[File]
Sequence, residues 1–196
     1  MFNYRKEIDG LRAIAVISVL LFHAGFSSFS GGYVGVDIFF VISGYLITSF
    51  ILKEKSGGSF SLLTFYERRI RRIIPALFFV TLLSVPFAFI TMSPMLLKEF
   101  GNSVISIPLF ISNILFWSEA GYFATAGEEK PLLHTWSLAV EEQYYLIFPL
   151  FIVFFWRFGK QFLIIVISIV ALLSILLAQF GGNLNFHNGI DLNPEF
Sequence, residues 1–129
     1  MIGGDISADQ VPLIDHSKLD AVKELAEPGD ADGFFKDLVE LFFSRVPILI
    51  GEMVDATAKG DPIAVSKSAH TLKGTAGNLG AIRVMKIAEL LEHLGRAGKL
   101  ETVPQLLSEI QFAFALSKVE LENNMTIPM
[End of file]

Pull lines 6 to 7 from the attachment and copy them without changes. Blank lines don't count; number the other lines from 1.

Sequence, residues 1–129
     1  MIGGDISADQ VPLIDHSKLD AVKELAEPGD ADGFFKDLVE LFFSRVPILI